Paulina is now 8 years old and living with special needs. She is one amongst the many beneficiaries of ATE that was sent into main stream education in 2018. Just like her peers, she was also enjoying some of the interventions until the recent coronavirus menace. Her parents lamented how difficult they are going through with their disabled child now that almost everything is at a standstill.
The coronavirus pandemic has disrupted the life of every child most especially children living with special needs in Lawra in the Upper West Region of Ghana. It is not only a horrific public health emergency, but also a challenge our society and our economy have not seen in years.
Families with children not receiving free school meals are also likely to struggle with the cost of food, especially given predicted losses of income during the coronavirus outbreak and overall increase in cost of living as children are at home. While we understand the need for school closures in the interest of public health, it is important to highlight how schools often provide vital support to families living with special needs, enabling access to peer group support, receive advice and advocacy and school authority care, as well as providing free school meals for some children and healthcare support and basic provisions.
Many parents are working on zero-hours contracts, insecure or low wage jobs and are therefore at an increased risk of losing their livelihood in the current pandemic, particularly with schools and nurseries closing indefinitely. We know from our services and other research that many of these families are single parent households, primarily from Upper West Region, and Northern ethnic minority backgrounds, who will be unable to work following their general backgrounds and that of childcare responsibilities.
This will further increase financial strain on these parents through a combination of a drastically reduced or no incomes and increased day-to-day costs as children remain at home. We again know from our work that there appears to be a disproportionately high number of families whose children have special educational needs and require additional support from supporting agencies, who are all likely to be reducing services during this period. This is likely to lead to an increase in families using their smaller local food banks, similar to rises in the school holidays. However, food shortages and panic buying during the coronavirus outbreak have put additional pressures on the local food banks. Precautions around social distancing will also mean reduced access to many interventions. Therefore, the vulnerable families will also desperately need alternative means to make ends meet.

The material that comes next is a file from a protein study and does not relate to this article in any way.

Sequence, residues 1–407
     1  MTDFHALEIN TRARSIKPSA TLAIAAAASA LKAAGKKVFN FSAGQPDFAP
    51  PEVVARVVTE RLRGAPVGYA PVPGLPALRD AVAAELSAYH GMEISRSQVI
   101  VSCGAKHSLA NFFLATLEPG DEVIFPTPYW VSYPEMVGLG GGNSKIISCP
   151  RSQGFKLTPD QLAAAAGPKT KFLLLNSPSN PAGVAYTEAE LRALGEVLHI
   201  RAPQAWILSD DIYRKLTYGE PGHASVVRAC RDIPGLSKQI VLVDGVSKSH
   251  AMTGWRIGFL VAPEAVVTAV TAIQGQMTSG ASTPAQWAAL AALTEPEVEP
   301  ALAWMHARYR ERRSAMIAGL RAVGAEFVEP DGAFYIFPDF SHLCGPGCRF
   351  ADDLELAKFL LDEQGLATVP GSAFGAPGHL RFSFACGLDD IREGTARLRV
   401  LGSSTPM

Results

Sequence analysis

We want to be able to support our SNAP families through the crisis, and help them to Rebuild for Better, for the future. A £50 donation would fund a SNAP family grant – where we work with the family on a case by case basis, to realise whatever intervention would help that particular household. An example could be starting a small business, in which ATE would support with group training and mentoring, empowering the SNAP mother or caregiver.
Written by Kaamil Issahaku, SNAP Project Leader